On Boston Herald Radio on Thursday Senate President Stan Rosenberg said he would have preferred retaining the older policy.
Asserting that undocumented immigrants in the country aim to "stay out of people's way," Rosenberg said Baker had not clued him in on the pending change and said, "I would have been happy to have a head's up."
Millona spoke favorably about the structuring of the Priority Enforcement Program but said the federal government has withheld data about its operation. She also said acceding to ICE requests could open the state to liability, saying detainers are "unconstitutional."
Last Thursday, in a single-justice ruling, Supreme Judicial Court Justice Francis Spina ruled in favor of Santos Moscoso, writing, "[B]ecause the trial court is without authority to hold the petitioner, or otherwise to order him held, on a civil I.C.E. detainer, the defendant must be released upon posting bail, unless he is held on some other process."
Signed by State Police Superintendent Richard McKeon and dated Thursday, the new general order limits detention at ICE's request to 48 hours, excluding weekends and holidays, beyond when they would otherwise be released. Those detained for ICE must have been arrested for a criminal violation or on warrant and detentions must be approved by the troop duty officer, according to the policy.
Laura Rotolo, staff counsel at the American Civil Liberties Union of Massachusetts, said it appears the new State Police orders "might be in conflict" with Spina's ruling, which she said could be appealed to the full court.
"The Fourth Amendment requires that you have probable cause and these detainers just don't," Rotolo told the News Service. She said the ruling was in tune with "what courts are saying around the country."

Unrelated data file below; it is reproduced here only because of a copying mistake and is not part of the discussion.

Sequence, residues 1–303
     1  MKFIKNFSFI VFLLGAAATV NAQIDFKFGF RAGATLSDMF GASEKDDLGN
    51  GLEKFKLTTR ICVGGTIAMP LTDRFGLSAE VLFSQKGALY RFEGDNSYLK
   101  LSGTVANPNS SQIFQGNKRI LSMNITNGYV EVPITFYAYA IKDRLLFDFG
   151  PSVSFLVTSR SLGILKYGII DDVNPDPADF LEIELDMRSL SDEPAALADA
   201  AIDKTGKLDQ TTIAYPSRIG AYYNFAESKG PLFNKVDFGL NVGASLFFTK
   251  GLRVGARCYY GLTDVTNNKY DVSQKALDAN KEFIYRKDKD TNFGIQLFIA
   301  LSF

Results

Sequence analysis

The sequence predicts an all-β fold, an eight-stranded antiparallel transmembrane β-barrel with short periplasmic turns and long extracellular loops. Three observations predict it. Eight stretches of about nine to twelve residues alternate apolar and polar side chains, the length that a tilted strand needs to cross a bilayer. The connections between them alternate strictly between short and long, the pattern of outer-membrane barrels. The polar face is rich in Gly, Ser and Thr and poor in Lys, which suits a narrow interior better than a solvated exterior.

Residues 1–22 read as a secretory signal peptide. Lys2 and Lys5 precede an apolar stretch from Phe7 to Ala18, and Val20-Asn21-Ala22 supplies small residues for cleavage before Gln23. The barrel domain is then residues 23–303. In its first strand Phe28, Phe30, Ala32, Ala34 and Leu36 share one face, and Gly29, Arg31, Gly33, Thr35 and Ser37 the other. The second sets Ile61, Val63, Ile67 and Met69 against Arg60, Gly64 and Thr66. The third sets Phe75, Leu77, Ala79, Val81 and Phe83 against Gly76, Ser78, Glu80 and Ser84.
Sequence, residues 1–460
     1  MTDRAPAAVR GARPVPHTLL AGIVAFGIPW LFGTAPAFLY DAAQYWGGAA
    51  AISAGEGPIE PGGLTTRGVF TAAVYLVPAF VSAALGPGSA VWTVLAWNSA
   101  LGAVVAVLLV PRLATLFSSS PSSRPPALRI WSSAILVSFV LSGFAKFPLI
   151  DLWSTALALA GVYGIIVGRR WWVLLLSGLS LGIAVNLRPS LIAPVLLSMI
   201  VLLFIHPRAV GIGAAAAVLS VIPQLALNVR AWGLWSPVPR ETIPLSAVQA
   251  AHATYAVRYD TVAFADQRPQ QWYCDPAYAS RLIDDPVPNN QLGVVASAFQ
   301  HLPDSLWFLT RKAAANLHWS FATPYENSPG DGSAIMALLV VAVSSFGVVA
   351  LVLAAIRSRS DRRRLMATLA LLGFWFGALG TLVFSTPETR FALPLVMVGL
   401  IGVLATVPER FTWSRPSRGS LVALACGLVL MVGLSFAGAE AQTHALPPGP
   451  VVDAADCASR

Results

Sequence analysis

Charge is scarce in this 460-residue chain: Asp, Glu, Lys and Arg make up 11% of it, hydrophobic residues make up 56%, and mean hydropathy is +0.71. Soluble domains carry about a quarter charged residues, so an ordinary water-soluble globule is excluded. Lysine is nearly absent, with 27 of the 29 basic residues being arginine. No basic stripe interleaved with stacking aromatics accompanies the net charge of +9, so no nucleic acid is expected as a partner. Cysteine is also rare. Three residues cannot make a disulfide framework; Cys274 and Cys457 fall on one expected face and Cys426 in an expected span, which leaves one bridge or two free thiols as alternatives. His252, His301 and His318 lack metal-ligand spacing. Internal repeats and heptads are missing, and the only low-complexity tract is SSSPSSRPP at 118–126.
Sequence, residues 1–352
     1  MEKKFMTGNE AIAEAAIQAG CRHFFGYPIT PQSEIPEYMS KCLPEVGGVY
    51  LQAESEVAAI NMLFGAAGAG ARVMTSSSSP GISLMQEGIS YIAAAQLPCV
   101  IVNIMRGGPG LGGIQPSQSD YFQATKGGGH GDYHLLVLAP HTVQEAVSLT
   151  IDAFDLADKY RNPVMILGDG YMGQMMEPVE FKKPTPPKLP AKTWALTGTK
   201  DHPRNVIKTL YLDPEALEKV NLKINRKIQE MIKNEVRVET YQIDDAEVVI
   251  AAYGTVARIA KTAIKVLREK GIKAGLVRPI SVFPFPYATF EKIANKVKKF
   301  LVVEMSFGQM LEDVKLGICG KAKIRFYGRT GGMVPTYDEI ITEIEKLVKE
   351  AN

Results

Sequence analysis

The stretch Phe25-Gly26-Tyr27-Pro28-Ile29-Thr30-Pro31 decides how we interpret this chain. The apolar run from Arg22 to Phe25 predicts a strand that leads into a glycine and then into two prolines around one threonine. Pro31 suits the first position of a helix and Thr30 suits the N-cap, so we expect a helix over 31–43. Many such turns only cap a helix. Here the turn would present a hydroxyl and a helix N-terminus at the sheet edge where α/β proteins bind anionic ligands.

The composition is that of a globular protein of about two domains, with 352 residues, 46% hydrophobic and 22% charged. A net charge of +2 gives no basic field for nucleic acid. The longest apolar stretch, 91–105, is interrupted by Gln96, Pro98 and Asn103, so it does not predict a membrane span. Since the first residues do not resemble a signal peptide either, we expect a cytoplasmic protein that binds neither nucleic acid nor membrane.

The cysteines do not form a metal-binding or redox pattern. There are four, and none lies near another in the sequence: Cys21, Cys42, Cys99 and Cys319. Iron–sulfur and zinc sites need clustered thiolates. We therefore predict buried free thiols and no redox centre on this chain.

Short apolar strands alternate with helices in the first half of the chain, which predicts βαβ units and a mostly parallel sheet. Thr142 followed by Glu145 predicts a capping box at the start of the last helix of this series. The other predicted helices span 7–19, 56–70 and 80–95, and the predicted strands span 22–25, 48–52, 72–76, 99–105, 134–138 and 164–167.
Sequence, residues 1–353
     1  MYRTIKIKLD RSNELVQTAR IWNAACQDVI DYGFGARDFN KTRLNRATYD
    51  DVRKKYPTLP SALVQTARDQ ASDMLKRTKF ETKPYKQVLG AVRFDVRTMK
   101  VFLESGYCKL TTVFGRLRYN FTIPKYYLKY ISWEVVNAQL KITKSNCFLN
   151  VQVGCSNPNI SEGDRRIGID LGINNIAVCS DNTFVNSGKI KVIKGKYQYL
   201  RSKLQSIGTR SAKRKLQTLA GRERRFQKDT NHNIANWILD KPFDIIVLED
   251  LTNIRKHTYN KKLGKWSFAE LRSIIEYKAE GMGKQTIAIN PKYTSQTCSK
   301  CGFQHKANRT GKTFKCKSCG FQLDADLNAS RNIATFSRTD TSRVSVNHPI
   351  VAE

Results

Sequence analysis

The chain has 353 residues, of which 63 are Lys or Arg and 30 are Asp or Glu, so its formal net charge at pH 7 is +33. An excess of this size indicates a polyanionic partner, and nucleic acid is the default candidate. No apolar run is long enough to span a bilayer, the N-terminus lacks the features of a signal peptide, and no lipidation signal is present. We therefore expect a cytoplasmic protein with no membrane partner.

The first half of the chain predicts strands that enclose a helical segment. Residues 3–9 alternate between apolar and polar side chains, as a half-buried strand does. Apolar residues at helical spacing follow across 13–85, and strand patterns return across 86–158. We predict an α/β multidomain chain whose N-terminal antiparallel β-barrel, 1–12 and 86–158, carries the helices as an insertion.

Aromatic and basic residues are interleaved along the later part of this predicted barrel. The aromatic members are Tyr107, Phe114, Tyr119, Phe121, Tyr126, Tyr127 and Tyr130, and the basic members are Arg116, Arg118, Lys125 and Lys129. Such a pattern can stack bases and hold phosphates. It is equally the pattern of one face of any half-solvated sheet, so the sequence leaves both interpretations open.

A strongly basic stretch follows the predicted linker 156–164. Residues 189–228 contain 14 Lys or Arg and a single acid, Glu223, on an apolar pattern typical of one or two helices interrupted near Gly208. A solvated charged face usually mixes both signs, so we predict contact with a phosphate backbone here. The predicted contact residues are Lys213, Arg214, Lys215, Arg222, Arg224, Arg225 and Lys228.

In Moscoso's petition, which Spina granted, public defenders Emma Winger and M. Barusch argue the detainer was issued without "review by a neutral magistrate," without a chance to challenge it, and detainers can be issued by "virtually all rank-in-file Department of Homeland Security agents."
"The detainer is unaccompanied by a warrant, purported removal order, or any other particularized facts to support these allegations," said the petition, which said Moscoso obtained a copy of the detainer only with help from his criminal attorneys. Moscoso had been previously detained on other cases, according to the petition.
Under the old policy, State Police were not allowed to contact Immigrations and Customs Enforcement even on customs matters without permission from a supervisor, according to the older policy. The new policy "reiterates that implementing federal immigration law is not part of" the State Police mission, according to the administration.
"With their statewide jurisdiction the State Police encounter a broad range of individuals on a daily basis and it makes sense from a public safety perspective to allow them to report and temporarily hold any type of individual wanted by federal authorities," Secretary of Public Safety and Security Dan Bennett said in a statement. "Now that ICE has moved to the Priority Enforcement Program, Massachusetts is changing its own policy to complement that effort to enhance public safety."